A high school slacker who's rejected by every school he applies to opts to create his own institution of higher learning, the South Harmon Institute of Technology, on a rundown piece of property near his hometown.
After being rejected from every college he applied, Bartleby Gaines decided to create a fictitious university, South Harmon Institute of Technology, with his friends, to fool their parents. But when their deception works too well and every other college rejects starts to apply to his school, B. must find a way to give the education and future his students and friends deserves, including his own, while trying to win the heart of the girl next door.Written by
The character of Ben Lewis was specifically written for Lewis Black. See more »
When Bartleby and crew are walking into the "college" and the skateboarders come riding out, the angle changes and we see the camera men in the right of the screen. See more »
What is learning? It's paying attention. It's opening yourself up to this great big ball of shit that we call life, and what's the worst that could happen? You get bit in the ass. Well let me tell you: my ass looks like hamburger meat, but I can still sit down.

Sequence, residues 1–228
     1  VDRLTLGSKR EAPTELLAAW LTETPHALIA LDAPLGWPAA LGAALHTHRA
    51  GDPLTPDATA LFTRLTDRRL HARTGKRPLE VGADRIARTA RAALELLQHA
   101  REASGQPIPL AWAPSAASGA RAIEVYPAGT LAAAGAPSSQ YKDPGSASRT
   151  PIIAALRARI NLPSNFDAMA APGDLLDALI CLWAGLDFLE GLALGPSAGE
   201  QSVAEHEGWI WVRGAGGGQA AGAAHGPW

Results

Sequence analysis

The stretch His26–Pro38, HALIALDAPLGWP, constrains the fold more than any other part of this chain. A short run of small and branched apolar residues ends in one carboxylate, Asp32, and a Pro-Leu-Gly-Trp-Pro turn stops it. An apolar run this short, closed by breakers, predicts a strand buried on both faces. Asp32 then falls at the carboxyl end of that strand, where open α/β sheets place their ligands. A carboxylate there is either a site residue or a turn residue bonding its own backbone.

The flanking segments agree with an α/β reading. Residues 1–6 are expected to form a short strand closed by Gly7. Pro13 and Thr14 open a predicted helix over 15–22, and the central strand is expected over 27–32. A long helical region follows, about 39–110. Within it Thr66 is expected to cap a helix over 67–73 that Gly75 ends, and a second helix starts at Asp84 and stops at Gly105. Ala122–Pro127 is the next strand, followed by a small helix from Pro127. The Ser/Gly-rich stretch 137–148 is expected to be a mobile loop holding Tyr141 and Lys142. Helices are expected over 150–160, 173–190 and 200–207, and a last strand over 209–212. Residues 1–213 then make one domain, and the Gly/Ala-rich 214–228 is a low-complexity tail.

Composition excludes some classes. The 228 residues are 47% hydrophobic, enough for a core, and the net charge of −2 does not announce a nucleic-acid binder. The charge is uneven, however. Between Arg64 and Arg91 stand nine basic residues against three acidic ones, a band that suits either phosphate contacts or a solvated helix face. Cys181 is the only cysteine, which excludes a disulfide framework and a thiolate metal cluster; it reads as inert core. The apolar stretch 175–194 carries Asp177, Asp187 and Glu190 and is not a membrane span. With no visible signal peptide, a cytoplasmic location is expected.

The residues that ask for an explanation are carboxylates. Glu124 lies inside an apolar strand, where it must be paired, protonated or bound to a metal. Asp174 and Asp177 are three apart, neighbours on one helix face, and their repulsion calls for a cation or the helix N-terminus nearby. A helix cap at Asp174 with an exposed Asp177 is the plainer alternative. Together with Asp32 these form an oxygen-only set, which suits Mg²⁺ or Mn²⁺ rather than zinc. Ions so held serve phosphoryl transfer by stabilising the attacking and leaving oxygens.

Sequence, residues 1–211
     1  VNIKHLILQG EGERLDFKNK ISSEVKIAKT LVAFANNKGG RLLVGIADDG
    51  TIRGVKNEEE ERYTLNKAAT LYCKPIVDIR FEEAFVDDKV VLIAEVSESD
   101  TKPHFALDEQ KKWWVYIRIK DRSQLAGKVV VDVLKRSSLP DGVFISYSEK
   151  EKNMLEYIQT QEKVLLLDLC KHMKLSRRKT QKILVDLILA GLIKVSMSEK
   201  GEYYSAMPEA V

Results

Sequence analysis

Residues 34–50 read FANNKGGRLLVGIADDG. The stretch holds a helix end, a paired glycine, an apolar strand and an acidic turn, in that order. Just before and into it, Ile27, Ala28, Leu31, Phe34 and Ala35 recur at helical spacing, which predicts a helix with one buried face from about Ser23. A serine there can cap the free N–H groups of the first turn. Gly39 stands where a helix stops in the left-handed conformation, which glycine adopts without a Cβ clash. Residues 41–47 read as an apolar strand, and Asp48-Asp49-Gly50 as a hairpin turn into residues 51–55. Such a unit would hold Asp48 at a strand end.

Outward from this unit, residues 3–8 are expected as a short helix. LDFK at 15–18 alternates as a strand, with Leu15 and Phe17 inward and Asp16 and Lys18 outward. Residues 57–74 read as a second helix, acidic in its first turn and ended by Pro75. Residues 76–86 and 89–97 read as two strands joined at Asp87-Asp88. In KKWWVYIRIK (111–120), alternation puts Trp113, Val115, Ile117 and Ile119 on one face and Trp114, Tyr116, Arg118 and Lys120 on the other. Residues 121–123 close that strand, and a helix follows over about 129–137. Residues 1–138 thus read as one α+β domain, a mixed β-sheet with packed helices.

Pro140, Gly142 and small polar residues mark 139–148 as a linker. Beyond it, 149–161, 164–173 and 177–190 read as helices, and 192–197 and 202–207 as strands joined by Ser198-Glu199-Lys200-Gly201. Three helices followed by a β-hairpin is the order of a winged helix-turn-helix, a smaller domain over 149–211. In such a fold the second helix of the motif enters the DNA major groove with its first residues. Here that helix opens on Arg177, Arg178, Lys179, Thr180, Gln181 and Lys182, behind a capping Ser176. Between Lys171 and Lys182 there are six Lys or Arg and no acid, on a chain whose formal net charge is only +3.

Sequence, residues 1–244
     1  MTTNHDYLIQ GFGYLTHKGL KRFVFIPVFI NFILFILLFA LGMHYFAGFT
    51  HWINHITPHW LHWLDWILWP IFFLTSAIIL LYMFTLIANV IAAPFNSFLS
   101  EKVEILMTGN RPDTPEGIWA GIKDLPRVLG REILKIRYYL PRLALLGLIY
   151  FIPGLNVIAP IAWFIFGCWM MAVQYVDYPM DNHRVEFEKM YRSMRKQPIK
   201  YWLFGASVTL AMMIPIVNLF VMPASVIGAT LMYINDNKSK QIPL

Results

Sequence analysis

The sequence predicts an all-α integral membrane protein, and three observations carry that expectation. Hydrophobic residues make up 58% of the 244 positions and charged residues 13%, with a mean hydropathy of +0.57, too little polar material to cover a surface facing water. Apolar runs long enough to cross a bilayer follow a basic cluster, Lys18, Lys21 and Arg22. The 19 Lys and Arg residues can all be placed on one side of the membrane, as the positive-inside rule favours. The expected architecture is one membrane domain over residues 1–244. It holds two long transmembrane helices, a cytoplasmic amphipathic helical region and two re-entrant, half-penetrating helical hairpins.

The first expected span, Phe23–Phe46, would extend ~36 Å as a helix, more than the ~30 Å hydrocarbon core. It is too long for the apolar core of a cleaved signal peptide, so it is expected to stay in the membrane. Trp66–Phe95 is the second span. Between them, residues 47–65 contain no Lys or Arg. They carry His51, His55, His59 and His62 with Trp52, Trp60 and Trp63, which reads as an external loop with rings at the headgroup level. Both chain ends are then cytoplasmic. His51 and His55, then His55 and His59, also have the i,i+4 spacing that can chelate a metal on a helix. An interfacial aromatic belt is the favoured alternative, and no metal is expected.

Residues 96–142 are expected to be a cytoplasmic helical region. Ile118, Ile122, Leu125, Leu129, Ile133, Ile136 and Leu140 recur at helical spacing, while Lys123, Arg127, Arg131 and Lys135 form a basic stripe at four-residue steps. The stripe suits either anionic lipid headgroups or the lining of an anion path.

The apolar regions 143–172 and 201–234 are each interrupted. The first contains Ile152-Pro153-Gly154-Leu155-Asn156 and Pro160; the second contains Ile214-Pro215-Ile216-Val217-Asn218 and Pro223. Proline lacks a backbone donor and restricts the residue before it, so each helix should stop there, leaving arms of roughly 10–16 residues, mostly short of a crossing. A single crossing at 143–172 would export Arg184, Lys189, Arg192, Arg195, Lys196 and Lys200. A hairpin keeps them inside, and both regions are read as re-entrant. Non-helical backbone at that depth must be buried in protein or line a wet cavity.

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The last line in the credits segment "The Filmmakers Wish To Thank" reads, "And all the Students at South Harmon Institute of Technology". See more »
I saw the trailer and read some reviews, and I had low expectations for this movie. I was pleasantly surprised. While the plot is a little off-beat, everybody in the making of this movie pulled off a pleasant flick good for many a laugh. The writing and jokes are far more literate than I have come to expect. Better yet, they are delivered with aplomb by unknown actors doing a good job, all of them.
The main reasons I wanted to see this movie were Justin Long and Lewis Black. Long is from "Ed" and the new Apple computer ads. He was just coming into his own as an actor in "Ed," and he was excellent here. He's a natural in front of the camera. Lewis Black is a social commentator who pulls no punches. He's on "The Daily Show" on Comedy Central about once every two weeks, but he really shines in HBO's "Red, White, and Screwed." I regularly catch him on XM Radio's uncensored comedy channel. Give Black an idea and let him improvise. Whether his rants and lines here are scripted or improvised are no matter. He's priceless delivering his thoughts on middle class angst. One thing about Black's delivery, his hand gestures are not those of a comedian. It just seems like he's having a conversation with you, and I think that makes him unconsciously more effective.
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